Africa has attracted the interest of Great Powers through the ages. Often this interest has been to the detriment of Africans. From the destruction of Carthage to slave trade and colonization, Africa has faced privations from empires looking to exploit its resources. Even after independence, warring powers continued to interfere in the internal conflicts of African countries throughout the Cold War. With a large and growing African population, sophisticated middle class, and increased connectivity to the rest of the world, Africa will continue to be both a source of materials and destination for goods and services.
As China expands its international footprint, it has deliberately increased its African ties. It supplies weapons to African countries without regard to the human rights practices of their leaders. China is now Africa’s biggest trading partner while providing financing for infrastructural projects through its Belt and Road Initiative. These projects have often been sponsored without regard to their sustainability or economic viability. The inability of countries to repay such loans have forced them to surrender critical infrastructure, with potential military implications.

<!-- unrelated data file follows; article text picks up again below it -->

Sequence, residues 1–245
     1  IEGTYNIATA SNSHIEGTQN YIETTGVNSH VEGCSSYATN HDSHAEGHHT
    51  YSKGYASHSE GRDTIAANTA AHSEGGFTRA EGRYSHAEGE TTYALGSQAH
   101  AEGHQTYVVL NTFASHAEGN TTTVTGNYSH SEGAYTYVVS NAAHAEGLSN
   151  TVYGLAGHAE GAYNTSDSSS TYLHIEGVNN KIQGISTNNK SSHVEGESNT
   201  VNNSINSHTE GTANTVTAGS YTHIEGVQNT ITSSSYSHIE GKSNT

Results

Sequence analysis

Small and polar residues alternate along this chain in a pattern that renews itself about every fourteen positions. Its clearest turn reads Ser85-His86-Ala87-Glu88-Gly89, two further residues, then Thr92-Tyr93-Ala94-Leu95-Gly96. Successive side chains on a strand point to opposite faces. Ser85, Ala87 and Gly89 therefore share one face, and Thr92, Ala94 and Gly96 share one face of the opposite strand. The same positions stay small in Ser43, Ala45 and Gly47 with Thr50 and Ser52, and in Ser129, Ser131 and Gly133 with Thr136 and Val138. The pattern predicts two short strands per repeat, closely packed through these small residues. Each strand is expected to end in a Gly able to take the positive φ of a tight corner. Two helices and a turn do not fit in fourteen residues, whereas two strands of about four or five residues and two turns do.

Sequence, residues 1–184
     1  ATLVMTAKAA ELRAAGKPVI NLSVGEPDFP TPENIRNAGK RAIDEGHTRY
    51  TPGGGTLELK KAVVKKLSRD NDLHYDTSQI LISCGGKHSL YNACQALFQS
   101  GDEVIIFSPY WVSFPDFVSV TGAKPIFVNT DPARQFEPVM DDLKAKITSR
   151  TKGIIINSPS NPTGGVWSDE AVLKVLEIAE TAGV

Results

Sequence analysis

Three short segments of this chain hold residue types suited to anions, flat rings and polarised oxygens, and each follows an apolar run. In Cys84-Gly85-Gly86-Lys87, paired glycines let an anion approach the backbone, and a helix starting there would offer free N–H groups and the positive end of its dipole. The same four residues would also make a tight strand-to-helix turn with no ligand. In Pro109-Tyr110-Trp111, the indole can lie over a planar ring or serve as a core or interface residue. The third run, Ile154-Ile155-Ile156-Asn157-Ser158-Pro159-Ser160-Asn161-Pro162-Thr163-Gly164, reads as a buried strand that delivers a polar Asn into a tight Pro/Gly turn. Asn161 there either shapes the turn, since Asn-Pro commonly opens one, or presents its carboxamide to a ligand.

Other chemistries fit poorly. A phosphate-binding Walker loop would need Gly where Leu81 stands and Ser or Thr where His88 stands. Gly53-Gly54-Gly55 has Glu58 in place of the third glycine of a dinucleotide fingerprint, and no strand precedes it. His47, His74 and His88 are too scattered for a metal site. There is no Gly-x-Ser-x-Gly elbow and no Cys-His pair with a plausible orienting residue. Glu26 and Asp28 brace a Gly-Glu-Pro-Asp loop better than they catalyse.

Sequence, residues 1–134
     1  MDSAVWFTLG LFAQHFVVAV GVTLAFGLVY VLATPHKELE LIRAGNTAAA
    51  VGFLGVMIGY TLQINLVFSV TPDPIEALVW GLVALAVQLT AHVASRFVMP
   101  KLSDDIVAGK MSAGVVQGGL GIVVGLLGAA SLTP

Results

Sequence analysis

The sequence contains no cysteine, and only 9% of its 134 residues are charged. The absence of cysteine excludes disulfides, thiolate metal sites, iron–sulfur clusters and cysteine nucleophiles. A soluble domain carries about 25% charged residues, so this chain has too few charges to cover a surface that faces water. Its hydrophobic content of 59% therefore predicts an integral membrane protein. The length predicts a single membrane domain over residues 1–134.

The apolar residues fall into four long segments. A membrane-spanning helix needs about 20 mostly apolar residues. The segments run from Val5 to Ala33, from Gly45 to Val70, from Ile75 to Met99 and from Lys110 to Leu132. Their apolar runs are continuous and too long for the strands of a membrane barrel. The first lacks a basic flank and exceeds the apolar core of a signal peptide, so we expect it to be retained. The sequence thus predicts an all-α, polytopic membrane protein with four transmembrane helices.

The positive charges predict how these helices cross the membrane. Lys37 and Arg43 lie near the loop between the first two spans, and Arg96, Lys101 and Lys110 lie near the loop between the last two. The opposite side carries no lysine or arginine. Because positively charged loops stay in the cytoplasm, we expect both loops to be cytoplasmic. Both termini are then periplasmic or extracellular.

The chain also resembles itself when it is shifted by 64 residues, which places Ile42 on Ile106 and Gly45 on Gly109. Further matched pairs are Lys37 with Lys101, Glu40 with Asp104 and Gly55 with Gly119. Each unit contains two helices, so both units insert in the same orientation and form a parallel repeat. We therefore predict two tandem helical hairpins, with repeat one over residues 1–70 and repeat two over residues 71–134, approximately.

As Great Power competition returns and China’s stance becomes more confrontational, and African leaders fail to act, the continent will again become just another front for global rivalries without regard for the well being of Africans. Global powers have fought their wars on African soil since the 18th Century. Regardless of the winners of these conflicts, Africans lose more than they gain. Africans, more than ever, can shape their destinies and work for the 21st Century to become Africa’s Century.
Africa nations can work to secure peace on the continent. By leveraging multilateral organizations operating on the continent, African leaders can make the painful compromises required to settle their inter-state disputes and move to cooperative models that engender peace based on common interests. African leaders can expand intra-African trade through the African Continental Free Trade Area and exploit regional organizations to tackle transnational crimes including human trafficking, illegal extraction of resources, religious extremism, and corruption under joint platforms.